Anyways, I loved Tommy.  He was invariably sweet and kind to me, telling me I was “smarter than the average bear” and bringing home candy or pocket change for me.  He wasn’t exactly attentive, but he didn’t have a mean bone in his body, and he was generous to a fault.  On dump runs, while he checked out potential scrounge-worthy trash, he'd let me rummage through the toys that had been thrown away to see if anything appealed to me.  I know, right? Letting your 6 or 7 year old paw through a garbage dump?!  A kid's dream.  I always found something - a naked doll, a teddy bear, a chalkboard, a book or encyclopedia, some used watercolor paints in a cool box. 

One day I found a doll about a foot tall, completely made of purple velvet fabric, with a real horsetail for hair.  I learned how to braid hair on that doll, but that's another story with an ending I don’t want to tell.

I'm thinking fondly of those dump runs with Tom because today is Father's Day, and as I gave a friend a ride back to her apartment, we passed a dumpster outside a large apartment complex.  There, abandoned on the asphalt, was a beautiful wooden dresser, and we could see all the drawers for it just flung into the trash.  Well, I had to look, didn't I?  Luckily my friend was just as curious and gorgeously uninhibited.  So we parked, got out, and looked into the dumpster.  UNBELIEVABLE! we said to each other: there's an entire apartment in there! 

We started with the brand new soccerball, for my friend's grandson.  Then we began seeing the really good stuff:  a whole bag of kitchen cooking utensils, top-quality, even some fancy knives still in their sheathes.  Baking dishes and pots and pans, glasses miraculously unbroken.  Unopened household cleaners.  A brand-new umbrella.  An ironing board.  A hand-pieced quilt, for heaven’s sake!  “I’ll bet he broke his grandma’s heart when he threw THAT out,” my friend said.  We figured it was a student, tossing out his apartment before leaving town; or, a property manager stuck with emptying a student’s apartment.  Either way, this stuff was primo scrounge.  We couldn’t believe no one had taken this to Habitat for Humanity, or called the Good Will, or even – as good manners around these parts dictate – just set it all outside the dumpster for easy pickings.  I mean, computer speakers?  Come ON!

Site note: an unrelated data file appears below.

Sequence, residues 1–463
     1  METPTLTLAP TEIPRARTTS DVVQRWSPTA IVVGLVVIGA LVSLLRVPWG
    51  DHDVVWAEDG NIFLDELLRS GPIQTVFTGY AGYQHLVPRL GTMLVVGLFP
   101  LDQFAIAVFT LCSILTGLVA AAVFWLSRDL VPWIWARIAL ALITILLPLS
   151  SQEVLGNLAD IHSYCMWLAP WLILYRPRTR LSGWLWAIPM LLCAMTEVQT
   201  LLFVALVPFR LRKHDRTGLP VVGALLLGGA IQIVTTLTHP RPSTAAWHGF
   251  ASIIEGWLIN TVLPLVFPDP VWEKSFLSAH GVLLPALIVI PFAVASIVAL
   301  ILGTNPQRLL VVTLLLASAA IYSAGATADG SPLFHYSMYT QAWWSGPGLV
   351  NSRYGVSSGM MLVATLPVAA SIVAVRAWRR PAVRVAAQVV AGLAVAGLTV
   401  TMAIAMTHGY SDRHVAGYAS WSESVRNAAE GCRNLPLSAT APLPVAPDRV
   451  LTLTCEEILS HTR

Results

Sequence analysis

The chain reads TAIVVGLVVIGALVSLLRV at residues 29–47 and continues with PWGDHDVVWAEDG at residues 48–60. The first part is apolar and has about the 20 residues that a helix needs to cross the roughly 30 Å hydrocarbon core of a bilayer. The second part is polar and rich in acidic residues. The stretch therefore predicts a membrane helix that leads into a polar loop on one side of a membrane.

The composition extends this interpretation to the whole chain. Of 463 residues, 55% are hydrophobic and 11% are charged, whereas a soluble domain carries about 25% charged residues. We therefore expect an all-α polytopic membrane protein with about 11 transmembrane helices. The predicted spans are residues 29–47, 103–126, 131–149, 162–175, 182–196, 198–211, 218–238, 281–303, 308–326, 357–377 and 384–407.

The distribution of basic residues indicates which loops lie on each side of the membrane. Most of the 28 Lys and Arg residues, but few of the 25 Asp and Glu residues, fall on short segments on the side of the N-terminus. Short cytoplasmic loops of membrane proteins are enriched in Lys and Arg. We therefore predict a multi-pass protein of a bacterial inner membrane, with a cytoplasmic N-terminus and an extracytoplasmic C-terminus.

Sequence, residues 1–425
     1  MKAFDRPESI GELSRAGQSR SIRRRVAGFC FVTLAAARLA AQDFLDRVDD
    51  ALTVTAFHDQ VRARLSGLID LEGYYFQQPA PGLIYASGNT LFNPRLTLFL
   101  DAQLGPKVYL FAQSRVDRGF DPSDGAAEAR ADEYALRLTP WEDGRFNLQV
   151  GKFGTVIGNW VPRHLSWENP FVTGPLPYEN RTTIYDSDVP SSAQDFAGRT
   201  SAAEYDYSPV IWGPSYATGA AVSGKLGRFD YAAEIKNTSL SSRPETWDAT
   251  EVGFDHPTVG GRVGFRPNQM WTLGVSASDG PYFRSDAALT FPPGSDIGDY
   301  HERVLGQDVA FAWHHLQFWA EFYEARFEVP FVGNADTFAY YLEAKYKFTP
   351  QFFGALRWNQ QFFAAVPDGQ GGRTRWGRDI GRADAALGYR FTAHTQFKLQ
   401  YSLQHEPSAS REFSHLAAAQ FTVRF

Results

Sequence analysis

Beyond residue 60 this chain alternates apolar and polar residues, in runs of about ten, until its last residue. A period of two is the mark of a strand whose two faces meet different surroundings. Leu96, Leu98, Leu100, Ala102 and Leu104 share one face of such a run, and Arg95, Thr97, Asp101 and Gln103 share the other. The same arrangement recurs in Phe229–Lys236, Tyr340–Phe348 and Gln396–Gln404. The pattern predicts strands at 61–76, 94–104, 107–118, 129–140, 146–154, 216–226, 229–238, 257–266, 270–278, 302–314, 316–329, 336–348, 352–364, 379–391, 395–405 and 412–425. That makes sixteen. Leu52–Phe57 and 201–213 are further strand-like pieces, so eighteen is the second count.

“You know what the best part is?”  my friend asked me rhetorically as I balanced one of the dresser drawers on end so she could step up and lean over into the bottom of the dumpster.  “The best part is, you think this is fun too.  Thank you so much!  My daughter can use ALL of this stuff!”